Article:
Friends of the House of Saud: America Ever Owes the Royals Deference and Defense, by Doug Bandow

The Saudi Arabian government is just as nasty, if not nastier, than Iran’s, but it gets a free pass from the U.S. government. From Doug Bandow at antiwar.com:

No matter the many crimes committed by the House of Saud, defenders rush to take up their cause. The Wall Street Journal’s Karen Elliott House was the latest. Readers can imagine tears cascading across her keyboard as she wrote about the plight of the Kingdom of Saudi Arabia, which “is begging the U.S. for Patriot interceptors to defend itself against drone and missile attacks from the Iranian-backed Houthis in Yemen.”

House complained that this is bad for America for three reasons. “First, it endangers the Saudi people, who look to the US for protection.” Actually, what endangers the Saudi people is their reckless crown prince, Mohammed bin Salman, and especially his continuing war of aggression against the KSA’s much poorer neighbor.

Nearly seven years ago Riyadh attacked Yemen to reinstate the latter’s pliable president, who had been ousted by a coalition of his predecessor and the armed Ansar Allah movement, known as the Houthis. The Saudi and Emirati air forces hit hundreds of civilian targets and killed thousands of civilians. The impact of the war – malnutrition and starvation, disease, poverty – killed hundreds of thousands more. Surprising the Saudis, Ansar Allah shot back. (Apparently, they believed winning wars without loss was just another royal prerogative.) The KSA should acknowledge that it has lost, halt its attacks, and seek a realistic negotiated settlement.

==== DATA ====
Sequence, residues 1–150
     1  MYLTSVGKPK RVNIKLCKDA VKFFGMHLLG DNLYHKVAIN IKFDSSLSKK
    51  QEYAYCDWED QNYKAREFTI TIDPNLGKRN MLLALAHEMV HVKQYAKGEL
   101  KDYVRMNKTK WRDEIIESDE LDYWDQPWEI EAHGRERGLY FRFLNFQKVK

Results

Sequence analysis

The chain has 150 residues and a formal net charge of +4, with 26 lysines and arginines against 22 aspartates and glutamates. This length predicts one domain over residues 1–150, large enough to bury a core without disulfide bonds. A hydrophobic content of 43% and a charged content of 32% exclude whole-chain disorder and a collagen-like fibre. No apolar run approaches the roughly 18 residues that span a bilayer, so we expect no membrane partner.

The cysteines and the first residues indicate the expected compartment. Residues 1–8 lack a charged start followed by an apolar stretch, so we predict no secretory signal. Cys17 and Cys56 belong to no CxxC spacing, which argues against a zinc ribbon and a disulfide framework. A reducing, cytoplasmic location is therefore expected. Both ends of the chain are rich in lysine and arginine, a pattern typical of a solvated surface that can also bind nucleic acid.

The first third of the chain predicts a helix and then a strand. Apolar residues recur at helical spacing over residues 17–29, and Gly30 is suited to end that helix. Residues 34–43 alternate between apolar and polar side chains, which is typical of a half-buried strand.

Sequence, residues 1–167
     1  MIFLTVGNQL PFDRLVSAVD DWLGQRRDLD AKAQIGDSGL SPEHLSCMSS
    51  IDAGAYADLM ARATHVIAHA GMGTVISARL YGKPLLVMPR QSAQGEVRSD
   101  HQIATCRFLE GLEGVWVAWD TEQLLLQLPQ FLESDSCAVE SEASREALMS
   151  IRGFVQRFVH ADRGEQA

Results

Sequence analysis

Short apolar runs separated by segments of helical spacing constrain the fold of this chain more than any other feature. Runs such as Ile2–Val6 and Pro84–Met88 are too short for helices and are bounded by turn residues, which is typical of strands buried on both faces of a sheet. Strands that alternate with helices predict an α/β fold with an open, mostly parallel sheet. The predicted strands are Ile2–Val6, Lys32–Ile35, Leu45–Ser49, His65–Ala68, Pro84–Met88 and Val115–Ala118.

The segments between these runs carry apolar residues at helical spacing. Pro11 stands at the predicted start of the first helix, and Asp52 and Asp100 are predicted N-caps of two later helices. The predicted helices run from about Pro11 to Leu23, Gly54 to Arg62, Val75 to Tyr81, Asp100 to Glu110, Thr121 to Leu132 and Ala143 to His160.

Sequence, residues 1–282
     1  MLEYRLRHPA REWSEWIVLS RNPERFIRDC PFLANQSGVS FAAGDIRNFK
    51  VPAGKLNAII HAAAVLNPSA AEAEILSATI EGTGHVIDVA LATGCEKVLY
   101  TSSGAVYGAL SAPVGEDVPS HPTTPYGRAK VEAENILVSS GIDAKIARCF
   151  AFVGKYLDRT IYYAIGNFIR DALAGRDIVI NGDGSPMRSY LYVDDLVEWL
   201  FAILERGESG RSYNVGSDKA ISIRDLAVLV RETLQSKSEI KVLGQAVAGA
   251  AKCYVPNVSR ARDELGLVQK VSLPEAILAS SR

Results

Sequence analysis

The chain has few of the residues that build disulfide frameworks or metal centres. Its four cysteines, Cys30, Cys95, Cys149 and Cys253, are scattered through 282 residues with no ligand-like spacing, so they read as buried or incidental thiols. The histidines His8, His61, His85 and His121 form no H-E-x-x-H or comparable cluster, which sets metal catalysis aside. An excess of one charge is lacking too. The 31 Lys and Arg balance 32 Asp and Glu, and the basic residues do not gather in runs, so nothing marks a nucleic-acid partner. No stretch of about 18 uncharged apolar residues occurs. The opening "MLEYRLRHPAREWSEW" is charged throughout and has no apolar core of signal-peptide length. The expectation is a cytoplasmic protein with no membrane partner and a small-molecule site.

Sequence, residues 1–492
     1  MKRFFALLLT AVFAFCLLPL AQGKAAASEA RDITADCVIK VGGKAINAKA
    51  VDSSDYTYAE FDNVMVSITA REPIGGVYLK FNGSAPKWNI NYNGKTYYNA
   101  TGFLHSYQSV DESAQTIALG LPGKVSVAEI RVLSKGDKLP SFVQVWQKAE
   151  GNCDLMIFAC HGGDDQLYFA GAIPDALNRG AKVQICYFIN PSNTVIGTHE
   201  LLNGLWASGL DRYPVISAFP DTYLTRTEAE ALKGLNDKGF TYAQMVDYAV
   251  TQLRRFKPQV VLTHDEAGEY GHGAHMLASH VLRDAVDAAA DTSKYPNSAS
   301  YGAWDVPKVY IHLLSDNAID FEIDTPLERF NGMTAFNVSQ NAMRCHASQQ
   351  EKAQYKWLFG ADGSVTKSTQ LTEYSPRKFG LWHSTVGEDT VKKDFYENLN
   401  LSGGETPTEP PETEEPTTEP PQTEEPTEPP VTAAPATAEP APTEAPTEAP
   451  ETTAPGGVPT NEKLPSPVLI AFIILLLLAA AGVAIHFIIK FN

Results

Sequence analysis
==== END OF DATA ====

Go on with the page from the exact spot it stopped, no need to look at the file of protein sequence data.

Next, House contended that administration policy “endangers an ally and benefits Iran.” In fact, Saudi Arabia has no treaty commitment. Its value to American security is much overstated. The Saudi military performed miserably in Yemen. With the Abrahamic Accords Riyadh should look to Israel rather than the US as its chief security partner. As for economics, the oil market has changed dramatically, Riyadh’s importance is much diminished, and the royals recently made clear that they will pump oil to suit their, not America’s, interest.

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